But you don't say the "c." It's "Mackinaw", not "Mackinack."

Located part way between the mainland portion of Michigan and the Upper Peninsula of Michigan, there are no motorized vehicles allowed on this island, except for emergency vehicles---police, ambulance, and fire trucks---and pick-up trucks used by the utility companies. You get around by foot, bike, or horse. In the winter, an ice bridge forms and you can ride your snow mobile across the ice to St. Ignace. Kids over age 12, after completing a saftey course can drive a snowmobile.

It's about a 20-minute ferry ride to get there. After riding our bikes almost 70 miles, it was nice to get somewhere by somebody else's power.

This weekend the 44th Annual Wheelmen Meet is being held on Mackinac Island. The Wheelmen are a non-profit organization dedicated to keeping alive the heritage of American cycling, promoting the restoration and riding or early cycles (1918 or earlier), and encouraging cycling as part of modern living. I think they sound like very nice people :)

Here are a couple of their members out for a spin on the island.

600 of them will converge on Mackinac Island. There is a parade, and a 100-mile ride. To ride that far you have to circle the island about 12 times.

The bikes with the big front wheel and the small rear wheel are called penny-farthing, high wheel, or high wheeler. I've never seen one being ridden in real life, but because the Wheelmen were gathering they were all over the place. There were lots of other kinds of old bikes, too.

Not old bikes, just a lovely picture.

Another way to get around town.

I bet the people who live here are very nice, too.

A cousin of the lilac?

Tourists are called "fudgies" here, because there are so many fudge shops and who doesn't like fudge?

Here are two tourists buying fudge now. They look a lot like Mike and Joy.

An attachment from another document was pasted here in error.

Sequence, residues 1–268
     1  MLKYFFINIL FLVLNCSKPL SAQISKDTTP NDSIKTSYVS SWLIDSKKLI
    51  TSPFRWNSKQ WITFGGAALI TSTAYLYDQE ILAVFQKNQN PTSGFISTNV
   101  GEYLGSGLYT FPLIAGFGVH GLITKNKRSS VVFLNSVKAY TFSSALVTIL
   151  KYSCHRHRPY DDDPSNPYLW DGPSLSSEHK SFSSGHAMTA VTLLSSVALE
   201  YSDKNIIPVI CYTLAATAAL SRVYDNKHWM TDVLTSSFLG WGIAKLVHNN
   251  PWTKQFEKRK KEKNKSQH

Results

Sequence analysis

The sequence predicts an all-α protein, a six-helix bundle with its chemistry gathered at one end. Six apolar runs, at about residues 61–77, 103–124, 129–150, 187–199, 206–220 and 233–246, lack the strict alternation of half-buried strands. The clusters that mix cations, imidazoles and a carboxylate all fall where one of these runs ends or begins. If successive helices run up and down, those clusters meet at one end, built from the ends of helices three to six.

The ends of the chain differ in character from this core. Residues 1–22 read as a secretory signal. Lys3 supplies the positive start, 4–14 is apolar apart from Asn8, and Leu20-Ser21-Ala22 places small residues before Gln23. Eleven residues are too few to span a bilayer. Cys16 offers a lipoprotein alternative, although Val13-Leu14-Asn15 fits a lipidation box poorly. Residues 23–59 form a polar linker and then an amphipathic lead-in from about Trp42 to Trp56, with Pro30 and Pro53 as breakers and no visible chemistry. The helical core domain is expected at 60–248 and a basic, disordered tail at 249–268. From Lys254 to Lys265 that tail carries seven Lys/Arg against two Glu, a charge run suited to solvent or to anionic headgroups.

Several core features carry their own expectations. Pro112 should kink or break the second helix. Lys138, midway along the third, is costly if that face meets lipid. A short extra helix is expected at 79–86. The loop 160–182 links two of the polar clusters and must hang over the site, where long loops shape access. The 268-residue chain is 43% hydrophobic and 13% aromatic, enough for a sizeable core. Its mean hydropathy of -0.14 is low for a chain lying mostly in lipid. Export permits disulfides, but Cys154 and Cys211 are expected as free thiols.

The misty, foggy view from the ferry.

Saturday, July 2, 2011

Rain, rain, go away!

We started the misty morning with birthday wishes for our Maine man JB. There will be 50-something candles on his cake.

JB and his wife, Loren, ride a yellow-orange tandem named "The Mango." When referring to their bike do not forget "the." You should see them zoom downhill.

Most of the morning we rode in the rain. As a result, I took very few photos today.
Then it rained harder.
Then it hailed.
Then we saw two lightening bolts.

Joy and I took refuge next to a truck in some nice person's yard. It was POURING! 

When it let up a bit, we still had about 5 miles to go before we reached the tourist area of Traverse City for our scheduled breakfast stop. We rode along the bike trail along the water front. We were so happy to make it to McDonald's. I don't really like hot chocolate, or egg McMuffins, but I had the best hot chocolate I've ever had in my life, and my first Egg McBagel. Just happy to be out of the rain for a minute.

Along the bike trail at Traverse City

 Note to self:  When planning next bike trip, consider Miami.

For more photos go here. Thanks Mike, Shane, and Brad!

Sunday, June 26, 2011

Raindrops Keep Fallin' on My Head

Donning our bright yellow rain jackets, the ten of us left Charlevoix heading for Mackinaw City about 73 miles away. The first 17 miles were along a gorgeous bike trail skirting Lake Michigan. And, yep, it's still raining.

We are in the Petoskey area, which coincidentally is where Petoskey stones are found :) They are fossilized coral with a fascinating honeycomb pattern on them, and are found along the beaches of Lake Michigan. Jeanne knew the general vicinity to look, so we stopped to do a little rock hunting. I know, I know---I'm a grown woman and I still collect pretty rocks. Jeanne found one right away. Continuing through the town of Petoskey, I saw a cute house with rocks neatly surrounding their flower beds. Gotta be Petoskey stones, right? The owners had found a bunch!